Inserts of beam or rib shape, such as insert 55 of FIG. 5D or insert 56 of FIG. 5E, may be mounted in suitable recesses in the respective die surface, as illustrated in FIG. 6. FIG. 6 shows a forming die segment 65 which has a die cavity 66 having a mounting groove 68 extending across its inner face 70, side faces 72, and partially across its upper rim 74. This groove matches the shape of the contoured beam insert 55 but is of reduced depth. Thus, when the beam insert 55 is mounted in the groove, it will project upwardly out of the groove by the desired amount for forming a matching shape of desired dimensions in a metal part. One or more such inserts may be mounted in the cavity, for example beam inserts may be mounted at spaced intervals along the cavity for forming a ribbed surface in a metal part. The beam insert 55 may be secured in the die cavity in a similar manner to that described above in connection with FIG. 3.

The bi-material die apparatus and method of this invention ensures that parts requiring die features which project into the cavity do not lock onto such features after high temperature forming and cooling is complete. The inserts which project into the die cavity are of a metal having a higher coefficient of thermal expansion than both the cavity itself and the sheet metal being formed. The insert will therefore shrink more than the sheet metal which is formed around it, leaving a gap to allow easy removal of the formed part. This will also avoid the risk of damage to the die surface as a result of shrinking sheet metal locking onto and applying stress to the die.

Although an exemplary embodiment of the invention has been described above by way of example only, it will be understood by those skilled in the field that modifications may be made to the disclosed embodiment without departing from the scope of the invention, which is defined by the appended claims.

Patent Citations
Cited PatentFiling datePublication dateApplicantTitle
US3934441 *Jul 8, 1974Jan 27, 1976Rockwell International CorporationControlled environment superplastic forming of metals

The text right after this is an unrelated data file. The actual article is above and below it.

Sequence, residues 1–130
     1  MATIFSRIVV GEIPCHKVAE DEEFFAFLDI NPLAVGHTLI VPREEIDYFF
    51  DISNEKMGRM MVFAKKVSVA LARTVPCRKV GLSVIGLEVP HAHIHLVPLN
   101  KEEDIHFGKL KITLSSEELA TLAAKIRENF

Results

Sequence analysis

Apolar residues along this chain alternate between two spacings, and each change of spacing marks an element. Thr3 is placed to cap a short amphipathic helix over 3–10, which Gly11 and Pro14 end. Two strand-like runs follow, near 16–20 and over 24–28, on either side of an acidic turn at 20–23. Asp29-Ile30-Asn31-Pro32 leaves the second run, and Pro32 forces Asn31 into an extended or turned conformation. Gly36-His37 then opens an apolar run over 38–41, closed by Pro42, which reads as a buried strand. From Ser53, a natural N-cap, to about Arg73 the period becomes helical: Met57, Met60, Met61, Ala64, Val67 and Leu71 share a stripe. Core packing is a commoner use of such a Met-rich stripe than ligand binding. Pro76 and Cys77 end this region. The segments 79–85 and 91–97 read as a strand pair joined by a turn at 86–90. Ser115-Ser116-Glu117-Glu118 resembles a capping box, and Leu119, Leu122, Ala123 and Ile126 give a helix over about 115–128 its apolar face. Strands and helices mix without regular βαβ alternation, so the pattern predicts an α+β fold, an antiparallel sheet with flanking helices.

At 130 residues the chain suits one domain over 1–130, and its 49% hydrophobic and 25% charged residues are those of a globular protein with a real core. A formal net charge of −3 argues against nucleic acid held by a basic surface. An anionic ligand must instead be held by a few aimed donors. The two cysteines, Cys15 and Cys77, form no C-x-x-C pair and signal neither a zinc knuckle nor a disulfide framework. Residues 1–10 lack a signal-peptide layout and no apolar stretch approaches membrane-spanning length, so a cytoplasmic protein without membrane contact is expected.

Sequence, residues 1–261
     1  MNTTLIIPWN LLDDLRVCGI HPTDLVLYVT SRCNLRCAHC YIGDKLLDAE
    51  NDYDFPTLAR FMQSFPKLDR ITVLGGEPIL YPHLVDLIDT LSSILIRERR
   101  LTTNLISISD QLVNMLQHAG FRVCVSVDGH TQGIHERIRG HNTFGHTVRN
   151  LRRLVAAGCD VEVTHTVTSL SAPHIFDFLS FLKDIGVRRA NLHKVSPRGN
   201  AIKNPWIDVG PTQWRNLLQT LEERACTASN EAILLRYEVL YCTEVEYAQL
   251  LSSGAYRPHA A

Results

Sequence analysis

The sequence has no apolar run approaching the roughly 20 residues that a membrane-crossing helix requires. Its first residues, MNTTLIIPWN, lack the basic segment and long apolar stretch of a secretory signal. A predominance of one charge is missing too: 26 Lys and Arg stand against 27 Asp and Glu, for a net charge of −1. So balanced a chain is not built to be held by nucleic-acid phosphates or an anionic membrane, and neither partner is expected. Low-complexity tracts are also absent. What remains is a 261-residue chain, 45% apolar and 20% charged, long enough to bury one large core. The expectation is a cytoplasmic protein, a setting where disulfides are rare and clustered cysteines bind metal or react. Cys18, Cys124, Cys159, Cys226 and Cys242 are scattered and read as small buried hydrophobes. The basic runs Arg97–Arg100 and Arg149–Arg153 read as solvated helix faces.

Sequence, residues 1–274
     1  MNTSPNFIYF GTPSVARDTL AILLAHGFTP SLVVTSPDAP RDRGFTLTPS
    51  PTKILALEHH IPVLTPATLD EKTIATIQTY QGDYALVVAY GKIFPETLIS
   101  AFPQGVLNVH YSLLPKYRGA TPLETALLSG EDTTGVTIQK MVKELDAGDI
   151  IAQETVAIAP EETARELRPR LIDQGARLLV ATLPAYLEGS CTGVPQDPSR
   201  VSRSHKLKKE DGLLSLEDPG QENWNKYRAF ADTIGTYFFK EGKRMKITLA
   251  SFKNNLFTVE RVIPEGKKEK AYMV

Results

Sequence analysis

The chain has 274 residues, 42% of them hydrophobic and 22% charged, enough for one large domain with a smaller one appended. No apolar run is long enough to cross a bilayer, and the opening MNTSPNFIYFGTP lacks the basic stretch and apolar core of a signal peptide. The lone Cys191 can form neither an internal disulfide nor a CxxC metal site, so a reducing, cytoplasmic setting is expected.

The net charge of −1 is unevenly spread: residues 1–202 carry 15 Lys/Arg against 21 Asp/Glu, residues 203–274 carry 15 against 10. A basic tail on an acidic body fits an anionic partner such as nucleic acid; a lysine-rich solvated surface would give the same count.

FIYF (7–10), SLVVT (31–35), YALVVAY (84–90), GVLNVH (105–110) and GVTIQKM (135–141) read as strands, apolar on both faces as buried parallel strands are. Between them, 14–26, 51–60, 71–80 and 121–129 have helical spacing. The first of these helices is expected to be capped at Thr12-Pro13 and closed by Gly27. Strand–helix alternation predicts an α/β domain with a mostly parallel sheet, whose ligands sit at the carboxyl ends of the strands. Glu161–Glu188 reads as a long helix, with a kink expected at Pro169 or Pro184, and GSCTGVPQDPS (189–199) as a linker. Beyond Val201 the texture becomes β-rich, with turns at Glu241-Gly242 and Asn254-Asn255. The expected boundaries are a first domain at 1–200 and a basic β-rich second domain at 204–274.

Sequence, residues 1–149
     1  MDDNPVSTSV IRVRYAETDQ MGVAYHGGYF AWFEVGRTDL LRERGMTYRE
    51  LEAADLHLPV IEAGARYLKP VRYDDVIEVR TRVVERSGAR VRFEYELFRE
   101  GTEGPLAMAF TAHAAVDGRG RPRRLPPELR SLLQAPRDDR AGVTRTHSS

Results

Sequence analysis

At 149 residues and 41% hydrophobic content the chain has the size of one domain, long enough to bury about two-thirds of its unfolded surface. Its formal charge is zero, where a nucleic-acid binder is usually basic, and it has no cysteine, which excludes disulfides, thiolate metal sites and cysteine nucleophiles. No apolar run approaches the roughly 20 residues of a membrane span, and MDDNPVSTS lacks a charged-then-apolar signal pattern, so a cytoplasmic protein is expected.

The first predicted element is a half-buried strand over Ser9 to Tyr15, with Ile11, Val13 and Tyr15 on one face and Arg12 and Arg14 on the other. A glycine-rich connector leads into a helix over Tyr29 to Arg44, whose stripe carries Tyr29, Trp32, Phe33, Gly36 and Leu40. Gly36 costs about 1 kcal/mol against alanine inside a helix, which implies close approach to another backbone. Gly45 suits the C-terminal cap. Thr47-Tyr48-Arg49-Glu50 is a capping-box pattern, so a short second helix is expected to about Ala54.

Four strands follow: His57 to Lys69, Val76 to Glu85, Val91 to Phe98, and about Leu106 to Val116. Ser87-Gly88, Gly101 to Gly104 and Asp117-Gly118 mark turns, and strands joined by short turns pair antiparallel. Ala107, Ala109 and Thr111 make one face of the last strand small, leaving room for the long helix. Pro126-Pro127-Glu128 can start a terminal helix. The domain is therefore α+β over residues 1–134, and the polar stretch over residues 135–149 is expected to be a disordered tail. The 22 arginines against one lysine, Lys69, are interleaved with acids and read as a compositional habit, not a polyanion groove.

US4984348 *Mar 6, 1990Jan 15, 1991Rohr Industries, Inc.Superplastic drape forming
US5823034Oct 10, 1997Oct 20, 1998Hyperform Technologies, Inc.Superplastic metalforming with self-contained die
US5974847 *Jun 2, 1998Nov 2, 1999General Motors CorporationSuperplastic forming process
US6581428 *Jan 24, 2002Jun 24, 2003Ford Motor CompanyMethod and apparatus for superplastic forming
US7100259 *Dec 17, 2003Sep 5, 2006General Motors CorporationMethod of metallic sandwiched foam composite forming
US7112249 *Sep 30, 2003Sep 26, 2006General Motors CorporationControlling application of pressurized working gas against side of sheet material (alloy and/or thermoplastic) workpiece to stretch against a forming tool (which contains electrical resistance heater)
US20030209047May 6, 2003Nov 13, 2003Nelepovitz Donald OwenDie apparatus and method for high temperature forming of metal products
Non-Patent Citations
Reference
1 *"Coefficients of Linear Expansion", Jul. 6, 2007, The Engineering Tool Box, www. Engineeringtoolbox.com, pp. 1 and 2.
Referenced by
Citing PatentFiling datePublication dateApplicantTitle
US8814557Mar 24, 2010Aug 26, 2014United Technologies CorporationDie inserts for die casting
US20120135197 *Aug 6, 2010May 31, 2012Ben HalfordComposite tool pin
Classifications
U.S. Classification72/60, 72/413, 29/421.1
International ClassificationB23P17/00, B21D26/02
Cooperative ClassificationB21K5/20, B21D22/02, B21D37/01
European ClassificationB21D22/02, B21K5/20, B21D37/01
Legal Events
DateCodeEventDescription
May 23, 2013ASAssignment
Free format text: ASSIGNMENT OF ASSIGNORS INTEREST;ASSIGNOR:SAN DIEGO WELDING AND FORMING, INC.;REEL/FRAME:030478/0890
Owner name: VERTECHS ENTERPRISES, INC., CALIFORNIA
Effective date: 20130517
May 16, 2013ASAssignment
Free format text: RELEASE BY SECURED PARTY;ASSIGNOR:THE BOEING COMPANY;REEL/FRAME:030428/0192
Effective date: 20130515
Owner name: HI-TECH WELDING AND FORMING, INC., CALIFORNIA
Apr 12, 2013ASAssignment
Effective date: 20130412
Free format text: ASSIGNMENT OF ASSIGNORS INTEREST;ASSIGNOR:HI-TECH WELDING AND FORMING, INC.;REEL/FRAME:030205/0702
Owner name: SAN DIEGO WELDING AND FORMING, INC., CALIFORNIA
Apr 12, 2012FPAYFee payment
Year of fee payment: 4
Sep 26, 2008ASAssignment
Owner name: THE BOEING COMPANY, ILLINOIS
Free format text: SECURITY AGREEMENT;ASSIGNOR:HI-TECH WELDING AND FORMING, INC.;REEL/FRAME:021590/0303
Effective date: 20080925
Aug 24, 2006ASAssignment
Owner name: HI-TECH WELDING AND FORMING, INC., CALIFORNIA
Free format text: CHANGE OF NAME;ASSIGNOR:H-TECH WELDING SERVICES, INC.;REEL/FRAME:018167/0281
Effective date: 20040506
Aug 18, 2005ASAssignment
Owner name: HI-TECH WELDING SERVICES, CALIFORNIA
Free format text: ASSIGNMENT OF ASSIGNORS INTEREST;ASSIGNORS:MONSEES, JOHN C.;NELEPOVITZ, DONALD O.;REEL/FRAME:016909/0986
Effective date: 20050808